Reinventing the wheel: The evolution of roulette

Roulette has remained one of the most popular casino games since its inception in the early 18th century in France. According to Encyclopaedia Britannica, the table game was derived from the earlier hoca and portique, and received several modifications before its current layout and wheel structure were finalized in 1790. While it quickly became the leading casino game in parts of Europe and elsewhere, the game meaning “little wheel” in French has been supplanted in recent years by the likes of blackjack and poker as the most popular games – but it still remains a staple feature of casinos worldwide.


It is undeniable that the popularity of roulette is responsible for generating a vast amount of revenue. According to research compiled by Statista, global casino gaming revenues stood at $182.77 billion as of 2015, with roulette being voted as players’ fourth most popular casino game in the US. In recent years, the rise of high-speed internet connectivity, smart devices and relaxed regulation have led to a rapid increase in the number of online casinos around the world. The total size of the online gambling market, for instance, is expected to reach $56.05 billion by 2018 – more than double its 2009 revenues. Of this, 23 percent of the market is attributed to casino-style games such as roulette and blackjack, with poker making up 18 percent.

As explained in the rules of roulette games from 32Red, players win by successfully predicting the number, color or other outcome of the wheel spin. When the roulette wheel is spun by the croupier, a small ball is placed on it. The wheel generally contains 37 numbered pockets – although there are some variations – in which the ball could drop when the wheel comes to a stop. The best odds available are 35-1 for correctly predicting the number the wheel will land on, while red-or-black and odds-or-evens are also popular permutations, providing odds of 1-1.

With the rise of online casinos, roulette has undergone something of a transformation in recent years, as operators of the game have looked to stay competitive with flashy video slots in addition to the aforementioned poker and blackjack. As a result, many online casinos now provide many themed or gamified variations of the classic table title. Caesars Casino, for example, offers editions such as 3 Wheel Roulette and Roulette Master, while Jackpot City Online Casino features Multi-Player Roulette and Roulette Royale.

Perhaps the most significant step in the evolution of roulette, however, is the relatively recent conception of live casino. As internet speeds have become faster and more stable, and as computer processors have become more sophisticated, live streaming technologies have become a ubiquitous element of our online browsing experience. Today, the likes of sports and video games have all turned to live streaming to broadcast events live via the internet. Online casino developers and operators have also embraced the technology, giving rise to live casino games.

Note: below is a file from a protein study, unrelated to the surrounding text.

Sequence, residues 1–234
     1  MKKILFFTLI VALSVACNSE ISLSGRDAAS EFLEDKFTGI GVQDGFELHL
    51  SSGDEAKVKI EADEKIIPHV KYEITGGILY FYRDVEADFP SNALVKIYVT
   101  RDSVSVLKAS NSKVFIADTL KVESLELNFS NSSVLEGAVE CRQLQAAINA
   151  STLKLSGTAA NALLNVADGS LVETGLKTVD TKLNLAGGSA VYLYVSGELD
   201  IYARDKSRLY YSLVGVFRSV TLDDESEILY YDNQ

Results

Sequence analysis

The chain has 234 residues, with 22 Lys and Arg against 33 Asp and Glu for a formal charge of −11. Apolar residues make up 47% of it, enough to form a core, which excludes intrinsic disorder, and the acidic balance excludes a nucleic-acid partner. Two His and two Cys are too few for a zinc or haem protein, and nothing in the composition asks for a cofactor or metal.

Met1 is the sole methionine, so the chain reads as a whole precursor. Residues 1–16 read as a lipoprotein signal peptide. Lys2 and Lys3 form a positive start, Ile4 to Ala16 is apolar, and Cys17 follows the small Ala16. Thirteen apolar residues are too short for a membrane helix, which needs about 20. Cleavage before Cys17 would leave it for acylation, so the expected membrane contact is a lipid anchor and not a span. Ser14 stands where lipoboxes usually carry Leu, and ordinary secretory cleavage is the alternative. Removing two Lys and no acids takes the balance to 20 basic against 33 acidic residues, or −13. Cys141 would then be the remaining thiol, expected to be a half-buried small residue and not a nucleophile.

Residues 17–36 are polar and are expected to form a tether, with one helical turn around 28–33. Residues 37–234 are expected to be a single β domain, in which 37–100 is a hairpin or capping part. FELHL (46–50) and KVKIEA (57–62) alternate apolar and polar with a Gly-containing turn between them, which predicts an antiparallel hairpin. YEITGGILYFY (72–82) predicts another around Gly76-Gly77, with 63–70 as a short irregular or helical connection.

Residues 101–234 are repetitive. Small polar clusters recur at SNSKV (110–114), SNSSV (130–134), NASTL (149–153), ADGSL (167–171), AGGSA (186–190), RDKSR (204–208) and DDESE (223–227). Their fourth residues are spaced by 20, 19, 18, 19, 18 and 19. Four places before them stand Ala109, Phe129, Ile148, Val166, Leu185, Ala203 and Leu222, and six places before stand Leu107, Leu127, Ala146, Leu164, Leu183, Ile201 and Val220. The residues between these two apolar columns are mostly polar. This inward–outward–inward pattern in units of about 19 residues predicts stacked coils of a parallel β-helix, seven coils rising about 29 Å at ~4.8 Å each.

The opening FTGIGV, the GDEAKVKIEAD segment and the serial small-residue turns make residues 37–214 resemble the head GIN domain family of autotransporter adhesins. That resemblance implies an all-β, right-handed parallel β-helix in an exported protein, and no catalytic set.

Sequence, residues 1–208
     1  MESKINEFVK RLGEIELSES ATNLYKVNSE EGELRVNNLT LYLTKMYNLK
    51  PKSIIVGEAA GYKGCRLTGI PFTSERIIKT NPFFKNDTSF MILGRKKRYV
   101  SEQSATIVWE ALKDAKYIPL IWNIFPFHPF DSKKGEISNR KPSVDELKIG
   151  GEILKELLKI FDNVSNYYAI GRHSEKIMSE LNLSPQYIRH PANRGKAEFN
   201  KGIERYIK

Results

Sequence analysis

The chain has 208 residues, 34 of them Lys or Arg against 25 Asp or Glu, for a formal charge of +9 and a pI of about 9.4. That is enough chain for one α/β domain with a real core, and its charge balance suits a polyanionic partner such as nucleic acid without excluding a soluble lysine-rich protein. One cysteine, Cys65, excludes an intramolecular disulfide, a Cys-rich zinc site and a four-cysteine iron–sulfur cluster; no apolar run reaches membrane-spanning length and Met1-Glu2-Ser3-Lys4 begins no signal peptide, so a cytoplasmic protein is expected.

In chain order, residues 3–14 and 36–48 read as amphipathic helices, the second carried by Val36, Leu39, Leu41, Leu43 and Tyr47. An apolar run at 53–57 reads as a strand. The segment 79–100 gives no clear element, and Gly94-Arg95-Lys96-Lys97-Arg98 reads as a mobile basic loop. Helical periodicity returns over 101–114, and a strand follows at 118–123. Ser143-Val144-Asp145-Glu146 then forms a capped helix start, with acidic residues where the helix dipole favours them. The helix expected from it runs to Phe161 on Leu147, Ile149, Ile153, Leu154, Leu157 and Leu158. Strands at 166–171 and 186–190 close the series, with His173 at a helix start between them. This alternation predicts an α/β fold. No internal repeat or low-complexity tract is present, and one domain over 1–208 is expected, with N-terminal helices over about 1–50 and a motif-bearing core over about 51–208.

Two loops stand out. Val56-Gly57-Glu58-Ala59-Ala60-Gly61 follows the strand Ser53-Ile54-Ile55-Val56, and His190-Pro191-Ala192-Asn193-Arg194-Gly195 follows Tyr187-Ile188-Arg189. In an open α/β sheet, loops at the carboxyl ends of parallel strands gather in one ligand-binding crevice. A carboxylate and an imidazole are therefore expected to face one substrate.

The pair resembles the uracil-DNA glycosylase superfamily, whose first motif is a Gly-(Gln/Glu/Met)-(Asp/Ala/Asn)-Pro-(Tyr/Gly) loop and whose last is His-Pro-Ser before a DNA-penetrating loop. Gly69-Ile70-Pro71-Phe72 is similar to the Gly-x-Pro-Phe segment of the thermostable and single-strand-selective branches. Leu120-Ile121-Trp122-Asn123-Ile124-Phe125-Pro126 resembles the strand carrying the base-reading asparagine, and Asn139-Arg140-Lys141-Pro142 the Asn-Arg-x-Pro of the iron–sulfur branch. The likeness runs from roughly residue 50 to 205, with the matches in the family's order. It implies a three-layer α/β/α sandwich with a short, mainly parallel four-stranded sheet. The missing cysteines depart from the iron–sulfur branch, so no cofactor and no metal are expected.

Aiming to closely emulate the experience – and associated stimuli – of stepping foot into a real-life casino, leading iGaming developers including Playtech and Evolution Gaming have successfully managed to combine live streaming and optical character recognition (OCR) technologies to create a number of real-time casino games that feature human dealers and are broadcast live to players. Evolution’s Live Roulette, for example, as used by sites such as 32Red, includes HD-quality video, slow-motion replays and multiple camera angles, with the aim of providing players with a more immersive experience than previously possible.

This “immersion” is proving to be one of the hot tech and entertainment topics over the past couple of years, with virtual reality and augmented reality both gaining mainstream attention. It would appear, therefore, that VR or AR may be the next logical step in the continued evolution of roulette. Indeed, in February 2016, casino software developer Microgaming demonstrated its in-house VR Roulette to the public at ICE Totally Gaming 2016. In addition to using the Oculus Rift’s head-tracking capabilities, the demo also made use of the Leap Motion 3D controller to track a player’s hand movements – allowing them to “physically” place chips in the virtual world.


Despite having a rich and traditional history that dates back hundreds of years, roulette has proven itself to be an adaptable game that is willing to embrace the latest technological advancements in order to survive. Over the coming years, just as it supplanted virtual video roulette – and before it, land-based games – live roulette could well give way in popularity to virtual reality roulette.